This project, obviously, is one example of such. This past Saturday’s Center City Jazz fest is another, and as I watched Norman David’s Eleventet perform with explosive, big band-style joy on the Franky Bradley’s stage, I realized how similar the two ideas were.  Continue reading →


Meet Brandy Butler: A Philly-born songwriter who rediscovered her voice abroad

Brandy Butler | via

“I don’t think of it as a breakup record,” says Brandy Butler. “I think of it more as my journey through learning how to let something come, and then let it go. Letting go of things is like everyone’s struggle on so many levels.”

The Inventory of Goodbye, the latest full length project by Philly born, Zurich Switzerland based singer-songwriter and her band The Brokenhearted is a harrowing journey through a cycle of love, loss, heartbreak and rejuvenation. Touching on soaring rock an soul, twangy country-blues and cinematic retro-pop, The Inventory… is a colorful and diverse listen.

From the bittersweet pop ballad “Crying” to the heart-wrenchingly sparse guitar epic “The Hardest,” Butler’s hushed windswept vocals breathe life into each of the album’s dark, emotionally dense love songs. We caught up with her before a trip to South Africa to film a video and spoke with her about her youth studying Jazz at UArts, new music and building a new life on another continent. Continue reading →


The Key’s Year-End Mania: Ernest Stuart’s top new releases and old discoveries of 2016

Ernest Stuar
Ernest Stuart at Center City Jazz Fest | Photo by John Vettese

Year-End Mania is the Key’s annual survey of the things below the surface that made 2016 incredible. Today, Philly trombonist and Center City Jazz Festival founder Ernest Stuart shares his favorite releases and rediscoveries. He rings in New Year’s Eve at TIME Restaurant from 10 p.m. to 2 a.m., more information on the show can be found here.

Musically speaking, growing up wasn’t easy for me. My mother was particularly religious, and limited my musical exploration to: 1) Gospel, 2) Contemporary Christian Music, and 3) More Gospel. The only time I was exposed to different genres was when I spent weekends with my dad (think Motown classics & ’70s Funk) and on my daily school bus rides (think late ‘90s-early’00s hip-hop and R&B), where I would pretend to know the words to every BadBoy hit.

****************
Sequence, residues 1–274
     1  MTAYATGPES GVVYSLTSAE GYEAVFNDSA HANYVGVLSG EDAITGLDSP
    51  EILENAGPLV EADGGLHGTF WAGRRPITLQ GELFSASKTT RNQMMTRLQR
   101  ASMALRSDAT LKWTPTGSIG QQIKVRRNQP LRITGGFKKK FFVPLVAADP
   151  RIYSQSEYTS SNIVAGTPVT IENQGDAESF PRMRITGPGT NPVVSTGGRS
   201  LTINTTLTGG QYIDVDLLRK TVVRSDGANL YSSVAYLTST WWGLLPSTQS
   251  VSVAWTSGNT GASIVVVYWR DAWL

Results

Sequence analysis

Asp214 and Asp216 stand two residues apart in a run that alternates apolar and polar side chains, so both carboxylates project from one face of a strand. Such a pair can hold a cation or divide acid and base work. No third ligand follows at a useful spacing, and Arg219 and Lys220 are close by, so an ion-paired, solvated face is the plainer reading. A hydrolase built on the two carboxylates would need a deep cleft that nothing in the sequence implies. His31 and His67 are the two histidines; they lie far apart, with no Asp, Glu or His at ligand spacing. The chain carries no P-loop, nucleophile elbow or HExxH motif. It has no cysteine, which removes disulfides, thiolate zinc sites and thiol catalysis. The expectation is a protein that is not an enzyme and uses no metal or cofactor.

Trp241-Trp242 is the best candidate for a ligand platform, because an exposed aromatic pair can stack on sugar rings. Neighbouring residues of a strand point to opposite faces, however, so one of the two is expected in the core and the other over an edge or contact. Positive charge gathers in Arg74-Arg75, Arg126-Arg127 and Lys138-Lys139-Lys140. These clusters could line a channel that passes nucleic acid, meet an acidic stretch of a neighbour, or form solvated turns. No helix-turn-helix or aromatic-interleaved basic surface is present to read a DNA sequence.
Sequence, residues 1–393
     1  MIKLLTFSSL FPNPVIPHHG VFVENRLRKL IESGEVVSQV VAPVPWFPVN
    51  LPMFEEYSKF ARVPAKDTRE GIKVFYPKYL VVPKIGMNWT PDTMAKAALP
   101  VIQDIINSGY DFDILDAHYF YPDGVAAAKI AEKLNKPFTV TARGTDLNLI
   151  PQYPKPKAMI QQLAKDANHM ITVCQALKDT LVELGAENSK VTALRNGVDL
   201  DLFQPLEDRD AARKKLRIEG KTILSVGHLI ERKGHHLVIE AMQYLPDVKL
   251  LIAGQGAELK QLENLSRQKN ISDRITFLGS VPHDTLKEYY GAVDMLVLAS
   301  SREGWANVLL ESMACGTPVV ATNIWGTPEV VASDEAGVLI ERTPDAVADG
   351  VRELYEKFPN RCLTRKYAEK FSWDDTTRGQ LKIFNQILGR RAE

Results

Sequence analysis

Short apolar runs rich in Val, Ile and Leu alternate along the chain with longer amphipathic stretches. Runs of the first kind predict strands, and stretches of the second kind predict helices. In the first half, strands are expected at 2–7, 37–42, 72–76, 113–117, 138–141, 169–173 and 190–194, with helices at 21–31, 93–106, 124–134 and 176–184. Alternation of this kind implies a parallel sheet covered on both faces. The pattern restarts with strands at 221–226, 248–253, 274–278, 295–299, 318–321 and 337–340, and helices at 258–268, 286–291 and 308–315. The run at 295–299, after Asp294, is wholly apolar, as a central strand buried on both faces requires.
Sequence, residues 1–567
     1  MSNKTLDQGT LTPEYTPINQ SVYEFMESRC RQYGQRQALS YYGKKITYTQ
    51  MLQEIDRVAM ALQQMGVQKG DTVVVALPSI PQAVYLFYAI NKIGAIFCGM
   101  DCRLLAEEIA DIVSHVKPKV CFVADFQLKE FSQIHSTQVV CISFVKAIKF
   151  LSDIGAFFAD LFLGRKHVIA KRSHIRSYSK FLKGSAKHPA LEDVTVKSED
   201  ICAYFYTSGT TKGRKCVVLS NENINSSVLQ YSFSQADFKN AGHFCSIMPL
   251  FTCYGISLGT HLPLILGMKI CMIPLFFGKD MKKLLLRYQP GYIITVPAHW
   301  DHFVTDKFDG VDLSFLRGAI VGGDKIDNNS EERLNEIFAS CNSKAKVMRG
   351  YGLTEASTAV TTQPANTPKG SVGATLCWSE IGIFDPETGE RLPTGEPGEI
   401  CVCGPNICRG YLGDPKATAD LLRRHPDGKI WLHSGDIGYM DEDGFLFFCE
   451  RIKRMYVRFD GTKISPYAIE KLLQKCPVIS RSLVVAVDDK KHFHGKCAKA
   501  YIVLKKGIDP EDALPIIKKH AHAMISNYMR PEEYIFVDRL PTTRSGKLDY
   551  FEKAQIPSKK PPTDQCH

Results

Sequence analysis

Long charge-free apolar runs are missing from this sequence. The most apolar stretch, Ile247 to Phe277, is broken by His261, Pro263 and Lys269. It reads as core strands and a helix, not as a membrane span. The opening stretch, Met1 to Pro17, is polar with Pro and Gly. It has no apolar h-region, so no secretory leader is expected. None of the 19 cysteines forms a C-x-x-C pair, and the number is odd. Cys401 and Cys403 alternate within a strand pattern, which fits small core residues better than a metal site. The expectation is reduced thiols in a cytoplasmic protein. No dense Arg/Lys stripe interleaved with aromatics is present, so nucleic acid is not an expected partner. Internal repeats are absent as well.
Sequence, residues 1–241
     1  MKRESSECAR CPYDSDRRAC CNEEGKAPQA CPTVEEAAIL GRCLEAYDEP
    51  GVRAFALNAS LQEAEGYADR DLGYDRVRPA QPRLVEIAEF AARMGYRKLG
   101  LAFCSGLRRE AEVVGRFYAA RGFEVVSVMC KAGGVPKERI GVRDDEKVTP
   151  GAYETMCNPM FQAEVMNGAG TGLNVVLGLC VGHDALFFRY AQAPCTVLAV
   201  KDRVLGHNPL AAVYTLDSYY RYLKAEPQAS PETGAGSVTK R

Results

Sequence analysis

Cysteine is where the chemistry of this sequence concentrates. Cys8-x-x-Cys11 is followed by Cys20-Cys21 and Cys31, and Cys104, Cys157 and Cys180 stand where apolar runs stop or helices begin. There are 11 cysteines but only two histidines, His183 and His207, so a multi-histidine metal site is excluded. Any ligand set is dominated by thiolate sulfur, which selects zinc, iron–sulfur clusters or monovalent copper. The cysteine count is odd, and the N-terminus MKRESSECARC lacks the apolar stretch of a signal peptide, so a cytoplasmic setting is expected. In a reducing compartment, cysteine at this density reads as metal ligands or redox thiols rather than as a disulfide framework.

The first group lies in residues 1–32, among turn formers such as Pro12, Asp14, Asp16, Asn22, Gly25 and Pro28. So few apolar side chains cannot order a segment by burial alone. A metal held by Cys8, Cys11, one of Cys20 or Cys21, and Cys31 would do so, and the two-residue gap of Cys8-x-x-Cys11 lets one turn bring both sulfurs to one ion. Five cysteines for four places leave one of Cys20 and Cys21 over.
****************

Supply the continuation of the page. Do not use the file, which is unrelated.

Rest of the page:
Now in my 30’s and armed with streaming service subscriptions, my appetite for new music is voracious. I try to keep an open mind and am often on the search for old music that “somehow” eluded me during my youth, new releases from both freshmen and established artists, and everything in-between. Below are my Top Five favorite old finds and new releases of 2016. Continue reading →


April is Jazz Appreciation Month; here are some can’t-miss shows at Chris’ Jazz Cafe

The George Burton trio performs at Chris’ Jazz Cafe | photo by John Vettese for WXPN

April is Jazz Appreciation Month, and jazz aficionados and newcomers alike will have a lot of live music to look forward to over the next 30 days, culminating in Center City Jazz Fest on April 30th. Chris’ Jazz Cafe, an old staple in the Philly Jazz scene, has partnered with the city to bring a number of different acts from across the country to the stage. Continue reading →